Jack van Hoof wrote a post this week called "EDA versus CEP, Again..." and Joe McKendrick echoed his remarks in his post "Why 'Event Driven Architecture' is more than Complex Event Processing." Jack and Joe both suggest that CEP vendors are incorrectly trying to equate CEP with EDA. Jack's main point is that EDA is architecture, and CEP is a tool. My reaction was: "Well, of course that's true!" But what confuses me is exactly who Jack and Joe think is getting it wrong.
I got worried for a split second, because last summer I wrote a bunch of articles about EDA, event processing, and CEP. I wanted to make sure I hadn't been responsible for the confusion - so I went back and re-read my writing*** and I'm pretty sure Jack and I would agree on terms. Indeed, I often referred to Jack's thoughtful writing on the subject in those articles, and he commented on them.
But I think there's a point that wasn't covered by Joe and Jack - that CEP, in fact, is a really important element of an effective EDA. It's not a required element, but it sure makes it better. I believe that CEP will prove just as essential to EDA as a relational database is to client / server applications, or as application servers are to three-tier architecture. And it's a fair point that because it's becoming more common in mainstream IT, that more best practices, patterns, use cases, and discourse about effective EDA is needed.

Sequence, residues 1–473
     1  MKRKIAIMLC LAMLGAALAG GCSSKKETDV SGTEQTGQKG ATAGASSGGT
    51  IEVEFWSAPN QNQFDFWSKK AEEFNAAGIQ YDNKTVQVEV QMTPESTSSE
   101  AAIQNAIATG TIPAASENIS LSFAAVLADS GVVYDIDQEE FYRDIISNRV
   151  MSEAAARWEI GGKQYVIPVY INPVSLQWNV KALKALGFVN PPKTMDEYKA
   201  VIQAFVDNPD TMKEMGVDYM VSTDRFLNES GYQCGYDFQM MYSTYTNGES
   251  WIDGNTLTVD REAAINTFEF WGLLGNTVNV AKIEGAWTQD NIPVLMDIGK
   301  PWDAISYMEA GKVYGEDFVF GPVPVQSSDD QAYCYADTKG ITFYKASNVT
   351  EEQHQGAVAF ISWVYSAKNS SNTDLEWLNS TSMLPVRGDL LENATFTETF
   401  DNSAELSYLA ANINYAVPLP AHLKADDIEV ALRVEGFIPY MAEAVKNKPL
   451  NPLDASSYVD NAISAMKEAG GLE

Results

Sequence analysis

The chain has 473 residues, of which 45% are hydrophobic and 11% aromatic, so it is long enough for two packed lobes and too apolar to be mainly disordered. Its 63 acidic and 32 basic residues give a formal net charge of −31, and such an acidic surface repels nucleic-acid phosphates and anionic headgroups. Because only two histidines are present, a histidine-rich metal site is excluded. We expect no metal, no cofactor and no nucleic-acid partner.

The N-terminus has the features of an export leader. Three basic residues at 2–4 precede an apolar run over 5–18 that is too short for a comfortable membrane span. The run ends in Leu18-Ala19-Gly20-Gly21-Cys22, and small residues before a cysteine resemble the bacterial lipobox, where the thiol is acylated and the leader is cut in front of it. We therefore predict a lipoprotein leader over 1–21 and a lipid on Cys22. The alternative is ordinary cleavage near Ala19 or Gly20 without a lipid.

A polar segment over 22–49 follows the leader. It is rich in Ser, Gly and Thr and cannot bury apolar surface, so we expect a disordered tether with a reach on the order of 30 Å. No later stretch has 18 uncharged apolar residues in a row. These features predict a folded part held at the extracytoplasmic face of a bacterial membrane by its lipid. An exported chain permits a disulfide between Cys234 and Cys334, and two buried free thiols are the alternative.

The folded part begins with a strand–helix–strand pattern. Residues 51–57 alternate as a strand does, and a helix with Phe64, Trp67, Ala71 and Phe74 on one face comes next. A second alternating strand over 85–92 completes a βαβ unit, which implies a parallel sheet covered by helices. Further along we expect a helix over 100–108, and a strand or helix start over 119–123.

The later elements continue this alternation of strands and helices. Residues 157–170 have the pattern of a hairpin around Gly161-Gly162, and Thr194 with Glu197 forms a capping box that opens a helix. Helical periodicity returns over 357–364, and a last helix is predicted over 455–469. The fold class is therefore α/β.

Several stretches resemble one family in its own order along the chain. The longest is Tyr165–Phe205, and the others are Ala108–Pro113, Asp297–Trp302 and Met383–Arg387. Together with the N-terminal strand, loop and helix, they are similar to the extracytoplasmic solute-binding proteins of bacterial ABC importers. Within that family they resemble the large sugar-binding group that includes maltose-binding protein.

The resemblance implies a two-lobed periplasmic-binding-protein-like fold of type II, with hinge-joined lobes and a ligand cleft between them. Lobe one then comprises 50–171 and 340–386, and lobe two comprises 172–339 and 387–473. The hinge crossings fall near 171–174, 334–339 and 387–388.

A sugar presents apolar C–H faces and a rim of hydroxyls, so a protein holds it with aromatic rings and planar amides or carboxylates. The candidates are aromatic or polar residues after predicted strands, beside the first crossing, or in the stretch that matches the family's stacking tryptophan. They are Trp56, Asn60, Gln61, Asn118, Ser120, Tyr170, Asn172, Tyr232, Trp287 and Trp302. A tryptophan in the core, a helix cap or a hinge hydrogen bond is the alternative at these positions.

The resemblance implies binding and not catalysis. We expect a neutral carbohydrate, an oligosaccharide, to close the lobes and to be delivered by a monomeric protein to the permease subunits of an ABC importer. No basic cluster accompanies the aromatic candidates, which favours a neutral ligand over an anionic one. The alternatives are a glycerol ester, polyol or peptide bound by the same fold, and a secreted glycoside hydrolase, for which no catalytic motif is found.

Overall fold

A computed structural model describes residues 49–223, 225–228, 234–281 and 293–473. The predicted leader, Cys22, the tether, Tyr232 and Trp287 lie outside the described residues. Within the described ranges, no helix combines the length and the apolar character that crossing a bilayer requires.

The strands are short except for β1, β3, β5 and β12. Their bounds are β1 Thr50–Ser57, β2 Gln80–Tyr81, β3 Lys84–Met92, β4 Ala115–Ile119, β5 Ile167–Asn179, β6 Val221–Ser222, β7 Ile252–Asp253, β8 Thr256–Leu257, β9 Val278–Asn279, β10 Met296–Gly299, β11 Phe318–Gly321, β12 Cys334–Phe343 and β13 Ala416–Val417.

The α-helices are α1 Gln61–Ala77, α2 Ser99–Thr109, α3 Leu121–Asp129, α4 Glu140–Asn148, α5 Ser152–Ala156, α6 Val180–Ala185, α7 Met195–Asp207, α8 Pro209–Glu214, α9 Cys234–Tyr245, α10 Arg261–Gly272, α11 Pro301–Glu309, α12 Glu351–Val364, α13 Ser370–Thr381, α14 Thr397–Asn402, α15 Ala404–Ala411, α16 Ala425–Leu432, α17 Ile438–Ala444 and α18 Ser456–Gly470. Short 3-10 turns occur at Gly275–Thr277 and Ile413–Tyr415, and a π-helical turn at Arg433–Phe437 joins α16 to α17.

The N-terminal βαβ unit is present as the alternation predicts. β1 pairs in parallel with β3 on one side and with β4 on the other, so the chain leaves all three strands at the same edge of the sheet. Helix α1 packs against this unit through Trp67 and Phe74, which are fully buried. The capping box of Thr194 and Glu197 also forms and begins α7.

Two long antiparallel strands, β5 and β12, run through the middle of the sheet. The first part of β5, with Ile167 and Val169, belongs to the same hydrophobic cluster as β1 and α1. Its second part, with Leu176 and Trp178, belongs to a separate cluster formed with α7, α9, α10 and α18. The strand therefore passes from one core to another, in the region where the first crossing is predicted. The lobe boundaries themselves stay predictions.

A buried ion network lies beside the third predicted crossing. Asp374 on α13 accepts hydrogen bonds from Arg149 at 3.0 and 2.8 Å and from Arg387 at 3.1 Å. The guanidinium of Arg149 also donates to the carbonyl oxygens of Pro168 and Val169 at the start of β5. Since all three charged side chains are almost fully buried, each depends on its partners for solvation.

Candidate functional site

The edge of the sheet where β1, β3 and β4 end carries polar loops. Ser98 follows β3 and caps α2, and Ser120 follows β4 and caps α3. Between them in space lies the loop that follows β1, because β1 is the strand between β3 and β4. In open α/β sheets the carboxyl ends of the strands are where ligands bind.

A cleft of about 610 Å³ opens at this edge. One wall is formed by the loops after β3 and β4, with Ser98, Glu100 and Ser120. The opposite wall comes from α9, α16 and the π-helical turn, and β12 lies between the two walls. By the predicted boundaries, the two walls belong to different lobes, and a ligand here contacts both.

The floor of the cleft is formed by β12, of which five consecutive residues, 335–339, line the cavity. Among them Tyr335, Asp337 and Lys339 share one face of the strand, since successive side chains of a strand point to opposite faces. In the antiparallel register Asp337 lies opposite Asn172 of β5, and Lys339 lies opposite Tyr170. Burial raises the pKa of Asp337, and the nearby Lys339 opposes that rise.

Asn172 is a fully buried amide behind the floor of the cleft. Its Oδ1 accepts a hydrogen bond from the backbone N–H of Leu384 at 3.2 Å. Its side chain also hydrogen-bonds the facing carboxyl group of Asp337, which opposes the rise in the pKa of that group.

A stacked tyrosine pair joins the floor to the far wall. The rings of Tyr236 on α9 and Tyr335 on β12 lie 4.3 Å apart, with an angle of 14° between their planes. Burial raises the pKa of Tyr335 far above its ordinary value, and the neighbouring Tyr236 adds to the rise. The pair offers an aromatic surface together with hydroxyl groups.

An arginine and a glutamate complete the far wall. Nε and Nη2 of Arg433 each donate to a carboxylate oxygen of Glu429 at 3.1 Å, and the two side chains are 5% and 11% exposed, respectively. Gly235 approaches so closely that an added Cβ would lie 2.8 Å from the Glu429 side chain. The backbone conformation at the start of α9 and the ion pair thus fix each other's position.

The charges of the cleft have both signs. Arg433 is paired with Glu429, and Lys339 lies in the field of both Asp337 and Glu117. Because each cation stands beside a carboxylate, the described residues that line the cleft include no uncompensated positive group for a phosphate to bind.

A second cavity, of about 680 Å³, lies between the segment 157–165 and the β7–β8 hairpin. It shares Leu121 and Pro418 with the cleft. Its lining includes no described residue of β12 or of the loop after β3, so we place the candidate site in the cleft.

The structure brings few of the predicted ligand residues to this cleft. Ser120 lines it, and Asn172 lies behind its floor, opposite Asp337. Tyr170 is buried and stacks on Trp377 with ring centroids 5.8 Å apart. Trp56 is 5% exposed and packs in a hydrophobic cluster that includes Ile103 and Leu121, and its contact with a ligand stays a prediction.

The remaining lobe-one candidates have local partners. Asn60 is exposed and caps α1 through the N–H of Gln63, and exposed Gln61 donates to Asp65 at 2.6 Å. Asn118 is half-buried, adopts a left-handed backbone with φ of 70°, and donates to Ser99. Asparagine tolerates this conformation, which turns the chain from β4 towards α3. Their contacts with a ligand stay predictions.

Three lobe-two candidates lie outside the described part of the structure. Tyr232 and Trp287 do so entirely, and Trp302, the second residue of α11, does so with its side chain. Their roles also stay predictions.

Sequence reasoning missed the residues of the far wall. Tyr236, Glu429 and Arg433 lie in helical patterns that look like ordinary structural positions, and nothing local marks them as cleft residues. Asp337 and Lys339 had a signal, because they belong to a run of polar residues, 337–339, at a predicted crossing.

Yet, as one of the posters in Jack's blog laments: "Why aren't more people talking about EDA, because that's what's really important?" Perhaps EDA isn't new, and CEP is. My first job out of school was as a developer working on an event driven trading system, in 1988. Our group built a multicast middleware driven, real-time trading system. The only other analagous software around was the Teknekron Information Bus, or TIB. We used Reuter's "new" digital market data feeds, and integrated that with event-driven trading screens and applications. It was an excellent event driven architecture. It was new. In 1988. We didn't use CEP because it didn't exist. Until recently.
And perhaps that's the point: maybe the reason why folks don't talk as much about EDA is that the disruptive element of EDA IS CEP?
*** Unfortunately Progress Apama has (I'm assuming mistakenly) attributed my writing to someboday named "Progress Apama," not the correct author: "Mark Palmer." Regardless, the articles to which I refer (e.g., "The Myths of EDA and SOA," and "The 10 Imperatives of Algo Trading") were written by me, and I stand by them.